Apr 19, 2024 - News

These 4 stinging caterpillars terrorize New Orleans

Photo shows four pictures of venomous caterpillars on leaves and other surfaces. There's a picture of a puss moth caterpillar, several IO moth caterpillars, a buckmoth caterpillars and a saddleback caterpillar.

Clockwise starting at the top left: The puss moth caterpillar's sting can send you to urgent care. The IO moth caterpillar usually comes out in the fall. The saddleback caterpillar has distinctive coloring. The buckmoth caterpillar is spiky and comes out in the spring. Photos: Zack Lemann, Audubon Insectarium

Be on high alert, New Orleans. This is the time of year when the dreaded buckmoth caterpillars fall from live oak trees.

Why it matters: Their stings are incredibly painful.

The big picture: Four venomous caterpillars are common in New Orleans metro, says Zack Lemann, the curator of animal collections at Audubon Insectarium.

  • The caterpillar forms of the buckmoth, puss moth, IO moth and saddleback have venomous spines and hairs that cause pain when touched.
  • The puss moth caterpillar, also called an asp, is the most venomous of the bunch.

Between the lines: New Orleans has other stinging caterpillars, but they aren't as common, Lemann says.

Yes, but: The fir or live oak Tussock moth caterpillar isn't venomous, Lemann says, even if it looks spiky.

  • It can cause an allergic reaction for some people, though.

State of play: Buckmoth caterpillars are the most common venomous critter this time of year in New Orleans, Lemann said, based on personal observations.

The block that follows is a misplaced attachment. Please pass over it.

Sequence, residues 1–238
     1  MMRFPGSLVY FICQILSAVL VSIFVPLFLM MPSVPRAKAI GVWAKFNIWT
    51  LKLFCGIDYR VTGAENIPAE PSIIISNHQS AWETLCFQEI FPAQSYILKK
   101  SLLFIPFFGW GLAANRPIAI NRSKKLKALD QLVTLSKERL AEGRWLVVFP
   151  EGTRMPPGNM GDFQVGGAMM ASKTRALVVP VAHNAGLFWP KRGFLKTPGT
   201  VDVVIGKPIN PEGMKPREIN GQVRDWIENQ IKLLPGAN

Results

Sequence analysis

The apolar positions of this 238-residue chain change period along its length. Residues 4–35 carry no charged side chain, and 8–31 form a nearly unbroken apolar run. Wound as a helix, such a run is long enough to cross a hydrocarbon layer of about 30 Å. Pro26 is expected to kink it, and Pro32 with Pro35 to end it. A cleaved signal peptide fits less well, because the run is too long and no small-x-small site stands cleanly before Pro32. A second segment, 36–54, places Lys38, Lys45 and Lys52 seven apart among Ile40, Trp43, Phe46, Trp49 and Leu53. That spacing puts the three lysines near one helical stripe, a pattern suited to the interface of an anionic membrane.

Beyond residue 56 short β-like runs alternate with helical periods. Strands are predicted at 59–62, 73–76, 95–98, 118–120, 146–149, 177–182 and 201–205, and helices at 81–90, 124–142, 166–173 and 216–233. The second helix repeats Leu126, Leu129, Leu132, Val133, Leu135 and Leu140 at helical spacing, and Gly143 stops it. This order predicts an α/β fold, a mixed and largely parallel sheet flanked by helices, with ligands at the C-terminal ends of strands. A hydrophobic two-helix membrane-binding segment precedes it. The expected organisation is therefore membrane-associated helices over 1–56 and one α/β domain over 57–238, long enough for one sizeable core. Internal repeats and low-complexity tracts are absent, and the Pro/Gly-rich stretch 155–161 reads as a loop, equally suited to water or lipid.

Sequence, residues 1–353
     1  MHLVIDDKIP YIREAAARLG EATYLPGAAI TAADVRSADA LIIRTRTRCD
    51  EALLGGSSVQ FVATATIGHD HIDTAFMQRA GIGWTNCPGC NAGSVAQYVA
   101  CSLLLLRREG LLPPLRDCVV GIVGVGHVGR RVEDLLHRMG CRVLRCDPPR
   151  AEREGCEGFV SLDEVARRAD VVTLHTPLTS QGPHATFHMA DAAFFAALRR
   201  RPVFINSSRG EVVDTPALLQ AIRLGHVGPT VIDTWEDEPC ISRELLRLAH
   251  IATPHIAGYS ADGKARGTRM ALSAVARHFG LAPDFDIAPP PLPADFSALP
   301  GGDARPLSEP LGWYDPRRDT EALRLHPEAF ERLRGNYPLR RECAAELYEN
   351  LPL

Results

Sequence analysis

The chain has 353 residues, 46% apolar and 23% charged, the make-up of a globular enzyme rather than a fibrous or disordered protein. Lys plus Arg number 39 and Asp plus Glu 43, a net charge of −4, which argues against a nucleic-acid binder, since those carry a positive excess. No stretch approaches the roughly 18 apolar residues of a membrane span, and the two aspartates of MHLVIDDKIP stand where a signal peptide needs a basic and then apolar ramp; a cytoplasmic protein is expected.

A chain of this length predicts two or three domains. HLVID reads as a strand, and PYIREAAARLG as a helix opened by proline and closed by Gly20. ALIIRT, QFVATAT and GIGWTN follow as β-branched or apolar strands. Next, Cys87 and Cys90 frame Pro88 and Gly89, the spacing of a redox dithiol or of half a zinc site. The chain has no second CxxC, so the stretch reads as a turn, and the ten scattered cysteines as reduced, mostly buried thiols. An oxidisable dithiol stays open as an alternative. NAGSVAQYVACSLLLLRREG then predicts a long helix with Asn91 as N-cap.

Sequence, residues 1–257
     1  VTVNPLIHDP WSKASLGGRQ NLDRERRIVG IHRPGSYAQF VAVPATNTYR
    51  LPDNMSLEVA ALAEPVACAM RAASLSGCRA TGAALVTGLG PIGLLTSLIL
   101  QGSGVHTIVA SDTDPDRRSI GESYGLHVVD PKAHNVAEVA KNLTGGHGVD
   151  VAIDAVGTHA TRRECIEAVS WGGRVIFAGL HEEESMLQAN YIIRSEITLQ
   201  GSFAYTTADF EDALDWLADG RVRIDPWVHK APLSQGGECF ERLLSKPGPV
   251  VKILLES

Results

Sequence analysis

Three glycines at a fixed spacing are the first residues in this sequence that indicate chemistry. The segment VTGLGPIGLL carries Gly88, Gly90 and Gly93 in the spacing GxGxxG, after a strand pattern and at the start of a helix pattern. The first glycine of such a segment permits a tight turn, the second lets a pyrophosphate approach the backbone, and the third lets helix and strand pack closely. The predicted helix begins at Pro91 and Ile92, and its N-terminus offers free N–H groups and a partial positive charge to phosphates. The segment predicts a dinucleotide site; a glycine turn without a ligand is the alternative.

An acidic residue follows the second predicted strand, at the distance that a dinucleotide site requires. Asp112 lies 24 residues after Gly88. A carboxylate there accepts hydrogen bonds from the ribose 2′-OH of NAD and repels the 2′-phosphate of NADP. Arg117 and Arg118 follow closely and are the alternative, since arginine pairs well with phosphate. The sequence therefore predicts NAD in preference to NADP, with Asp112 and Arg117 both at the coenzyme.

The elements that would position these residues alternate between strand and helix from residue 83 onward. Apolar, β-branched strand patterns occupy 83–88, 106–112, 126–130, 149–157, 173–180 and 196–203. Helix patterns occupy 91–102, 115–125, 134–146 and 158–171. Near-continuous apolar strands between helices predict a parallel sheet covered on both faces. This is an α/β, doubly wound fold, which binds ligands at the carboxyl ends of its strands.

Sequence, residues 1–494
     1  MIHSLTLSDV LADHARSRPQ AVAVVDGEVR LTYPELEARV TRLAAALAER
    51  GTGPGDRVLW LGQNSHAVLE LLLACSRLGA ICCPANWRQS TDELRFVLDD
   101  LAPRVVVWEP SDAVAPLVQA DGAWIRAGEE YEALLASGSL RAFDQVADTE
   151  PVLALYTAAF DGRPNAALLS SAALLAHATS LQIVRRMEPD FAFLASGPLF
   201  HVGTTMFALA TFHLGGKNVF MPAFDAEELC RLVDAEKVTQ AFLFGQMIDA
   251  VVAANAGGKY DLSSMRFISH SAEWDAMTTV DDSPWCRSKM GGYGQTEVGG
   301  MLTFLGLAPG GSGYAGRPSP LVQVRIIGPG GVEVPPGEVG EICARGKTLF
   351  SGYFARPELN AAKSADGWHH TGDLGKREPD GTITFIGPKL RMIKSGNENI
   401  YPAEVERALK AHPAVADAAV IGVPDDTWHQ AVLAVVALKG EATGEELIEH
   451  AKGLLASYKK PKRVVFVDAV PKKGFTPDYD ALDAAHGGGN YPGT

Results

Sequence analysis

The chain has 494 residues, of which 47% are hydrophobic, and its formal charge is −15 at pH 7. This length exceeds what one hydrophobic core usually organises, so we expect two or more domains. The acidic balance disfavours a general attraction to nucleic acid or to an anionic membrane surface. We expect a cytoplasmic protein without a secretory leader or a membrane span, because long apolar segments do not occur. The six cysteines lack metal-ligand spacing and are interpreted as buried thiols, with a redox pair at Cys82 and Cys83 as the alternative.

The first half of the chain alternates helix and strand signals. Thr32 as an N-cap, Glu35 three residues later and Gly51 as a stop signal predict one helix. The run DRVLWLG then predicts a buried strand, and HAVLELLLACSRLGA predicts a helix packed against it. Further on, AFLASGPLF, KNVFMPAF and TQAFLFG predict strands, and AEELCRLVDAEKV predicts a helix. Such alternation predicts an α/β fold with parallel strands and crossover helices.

• Buckmoth caterpillars make their homes in live oak trees and are often found on the ground under them.
  • They are normally out from March to May and then go below ground in June, he said.

Threat alert: Watch where you sit and wear gloves in the garden, Lemann said.

Meanwhile, dogs sometimes step on buckmoths and get stung, but it isn't common, Lemann said, based on his surveys of vets in the city.

Zoom in: The key is to learn to identify the caterpillars and then leave them alone, Lemann said.

  • "If you look at a puss moth, it looks like a bad mullet," he says.
  • The Tussock moth is very ornate, and other caterpillars differ in color.

What's next: Lemann is concerned last year's drought may have hurt or killed some of this generation of moths and butterflies.

  • He's in the process of doing field observations, he tells Axios.
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